From Government of Indonesia

Indonesia, Malaysia Look to Commodities Bourse

Indonesia and Malaysia may establish a joint commodities bourse to sell crude palm oil and natural rubber, The Jakarta Post reported on March 10.

The report said Vice President Jusuf Kalla had told a meeting in Jakarta between officials of the Malaysian and Indonesian chambers of commerce that a shared trading platform would allow the two countries to exercise more control over market prices for their two major commodities and avoid direct competition for a share of export markets.

The report quoted Kalla as saying that a shared trading platform would enable the two countries to get more remunerative prices on commodity exports, whereas direct competition for market share may lead producers to sell commodities at less-than-optimum prices.

Indonesia and Malaysia jointly produce about 85% of the world's palm oil and about 80% of its natural rubber.

Meanwhile, Malaysian stock exchange operator Bursa Malaysia is in early talks to buy strategic stakes in the stock exchanges of Indonesia and Vietnam, chief executive Yusli Mohamed Yusoff said on Thursday (15/3/07).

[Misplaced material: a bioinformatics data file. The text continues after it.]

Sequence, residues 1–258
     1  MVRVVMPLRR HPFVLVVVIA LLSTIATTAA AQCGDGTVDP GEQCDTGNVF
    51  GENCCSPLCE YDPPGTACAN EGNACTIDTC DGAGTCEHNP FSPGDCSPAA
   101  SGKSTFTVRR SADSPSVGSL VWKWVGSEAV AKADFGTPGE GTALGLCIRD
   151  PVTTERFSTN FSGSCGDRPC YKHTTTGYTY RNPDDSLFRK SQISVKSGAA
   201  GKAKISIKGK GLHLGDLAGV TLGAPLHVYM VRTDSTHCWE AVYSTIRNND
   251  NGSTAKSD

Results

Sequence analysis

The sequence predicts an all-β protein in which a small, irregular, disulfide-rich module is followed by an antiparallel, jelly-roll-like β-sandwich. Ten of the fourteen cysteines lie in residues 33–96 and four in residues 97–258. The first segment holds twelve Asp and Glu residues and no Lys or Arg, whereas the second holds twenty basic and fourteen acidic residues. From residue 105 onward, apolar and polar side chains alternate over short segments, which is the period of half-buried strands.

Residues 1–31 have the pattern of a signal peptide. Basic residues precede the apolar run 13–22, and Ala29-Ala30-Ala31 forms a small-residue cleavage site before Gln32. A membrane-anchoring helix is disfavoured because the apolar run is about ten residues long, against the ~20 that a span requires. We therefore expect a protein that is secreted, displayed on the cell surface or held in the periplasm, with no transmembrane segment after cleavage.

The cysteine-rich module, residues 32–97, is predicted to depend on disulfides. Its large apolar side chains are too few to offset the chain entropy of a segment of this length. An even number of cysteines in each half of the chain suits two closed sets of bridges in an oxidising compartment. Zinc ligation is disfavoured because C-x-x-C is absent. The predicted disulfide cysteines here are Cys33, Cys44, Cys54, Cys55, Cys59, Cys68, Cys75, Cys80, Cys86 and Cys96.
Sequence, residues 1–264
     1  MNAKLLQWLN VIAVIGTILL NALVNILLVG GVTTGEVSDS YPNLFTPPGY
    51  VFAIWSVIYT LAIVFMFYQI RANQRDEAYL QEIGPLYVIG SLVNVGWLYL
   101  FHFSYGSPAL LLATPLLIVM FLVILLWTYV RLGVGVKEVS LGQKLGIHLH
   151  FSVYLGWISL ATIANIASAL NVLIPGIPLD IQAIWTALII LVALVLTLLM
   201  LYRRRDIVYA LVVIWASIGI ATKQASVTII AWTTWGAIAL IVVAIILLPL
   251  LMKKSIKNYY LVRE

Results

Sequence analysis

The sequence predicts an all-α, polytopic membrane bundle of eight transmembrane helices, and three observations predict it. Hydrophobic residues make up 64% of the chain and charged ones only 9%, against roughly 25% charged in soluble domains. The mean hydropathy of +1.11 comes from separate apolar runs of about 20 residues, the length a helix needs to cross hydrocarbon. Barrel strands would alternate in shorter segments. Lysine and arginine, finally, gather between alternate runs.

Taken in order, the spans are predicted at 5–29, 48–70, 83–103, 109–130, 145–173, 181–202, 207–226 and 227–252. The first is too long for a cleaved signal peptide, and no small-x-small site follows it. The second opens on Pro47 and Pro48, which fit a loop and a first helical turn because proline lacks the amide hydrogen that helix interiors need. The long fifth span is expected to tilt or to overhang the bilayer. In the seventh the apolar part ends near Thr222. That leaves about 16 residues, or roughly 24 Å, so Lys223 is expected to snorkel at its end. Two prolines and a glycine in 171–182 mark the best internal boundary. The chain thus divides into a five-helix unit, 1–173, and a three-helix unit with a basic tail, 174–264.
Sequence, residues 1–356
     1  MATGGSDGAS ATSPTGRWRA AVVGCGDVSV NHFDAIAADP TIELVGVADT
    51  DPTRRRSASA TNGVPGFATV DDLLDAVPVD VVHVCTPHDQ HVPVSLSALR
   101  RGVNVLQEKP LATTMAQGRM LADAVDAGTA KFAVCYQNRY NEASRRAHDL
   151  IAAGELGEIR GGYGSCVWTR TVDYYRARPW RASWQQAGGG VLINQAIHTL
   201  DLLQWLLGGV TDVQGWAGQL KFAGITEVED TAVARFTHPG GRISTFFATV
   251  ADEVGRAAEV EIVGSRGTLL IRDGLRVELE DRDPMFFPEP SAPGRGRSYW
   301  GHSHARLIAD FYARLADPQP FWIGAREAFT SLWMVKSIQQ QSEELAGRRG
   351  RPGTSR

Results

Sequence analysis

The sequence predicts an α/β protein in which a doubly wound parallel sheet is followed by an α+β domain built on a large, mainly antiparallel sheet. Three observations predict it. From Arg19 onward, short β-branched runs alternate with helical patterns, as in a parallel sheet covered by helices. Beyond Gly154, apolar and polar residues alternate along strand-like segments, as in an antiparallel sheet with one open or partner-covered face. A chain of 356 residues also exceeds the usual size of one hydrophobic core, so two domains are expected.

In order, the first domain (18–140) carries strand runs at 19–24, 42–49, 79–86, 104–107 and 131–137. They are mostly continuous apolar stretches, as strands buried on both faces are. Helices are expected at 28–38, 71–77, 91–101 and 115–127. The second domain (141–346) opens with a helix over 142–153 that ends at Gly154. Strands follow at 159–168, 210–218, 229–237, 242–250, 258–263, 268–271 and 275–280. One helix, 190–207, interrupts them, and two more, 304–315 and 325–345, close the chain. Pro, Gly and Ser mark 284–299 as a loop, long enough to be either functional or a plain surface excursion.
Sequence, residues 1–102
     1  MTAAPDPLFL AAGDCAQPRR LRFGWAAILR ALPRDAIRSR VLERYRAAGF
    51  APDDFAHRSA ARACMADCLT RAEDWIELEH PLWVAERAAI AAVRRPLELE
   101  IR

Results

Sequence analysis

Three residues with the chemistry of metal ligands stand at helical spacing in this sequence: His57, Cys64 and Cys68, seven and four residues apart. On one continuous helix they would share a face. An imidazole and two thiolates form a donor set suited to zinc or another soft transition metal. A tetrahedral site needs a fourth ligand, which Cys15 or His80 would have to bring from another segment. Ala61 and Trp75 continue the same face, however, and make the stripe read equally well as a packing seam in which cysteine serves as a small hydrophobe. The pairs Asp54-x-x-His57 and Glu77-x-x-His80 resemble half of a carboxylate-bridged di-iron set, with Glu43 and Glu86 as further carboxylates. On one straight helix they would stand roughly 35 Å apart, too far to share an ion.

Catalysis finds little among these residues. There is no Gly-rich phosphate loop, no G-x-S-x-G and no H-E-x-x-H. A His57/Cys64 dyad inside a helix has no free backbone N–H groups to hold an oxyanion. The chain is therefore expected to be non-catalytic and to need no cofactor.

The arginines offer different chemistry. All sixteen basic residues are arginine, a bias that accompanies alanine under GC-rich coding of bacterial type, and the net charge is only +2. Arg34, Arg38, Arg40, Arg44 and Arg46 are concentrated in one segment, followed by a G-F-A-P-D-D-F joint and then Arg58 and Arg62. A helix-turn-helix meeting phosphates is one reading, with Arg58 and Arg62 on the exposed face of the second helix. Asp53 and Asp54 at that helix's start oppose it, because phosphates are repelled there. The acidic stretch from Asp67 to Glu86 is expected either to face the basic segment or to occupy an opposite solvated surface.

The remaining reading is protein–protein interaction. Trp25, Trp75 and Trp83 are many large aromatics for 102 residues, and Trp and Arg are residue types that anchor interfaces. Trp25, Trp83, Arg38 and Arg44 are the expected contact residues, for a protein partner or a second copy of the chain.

Bursa Malaysia wants to take part in the long-term growth of Asia's emerging equity markets and to use its 34-year-long experience to help less developed markets. "Those are the new growth markets," said Chris Oh, an analyst with JP Morgan in Kuala Lumpur. "They're still relatively immature so there's plenty of upside."

Asked if Bursa Malaysia is already in talks to buy equity stakes in Indonesia and Vietnam, Yusoff told Reuters in an interview, "On a preliminary basis, yes."

"The (exchanges) that look interesting are the ones that are coming up -- markets which are set to grow a lot in the future; markets like Indonesia, Vietnam," he said. "We would like to see how we can add value to those markets, and if we can add value to those markets we would like to have a share as well."
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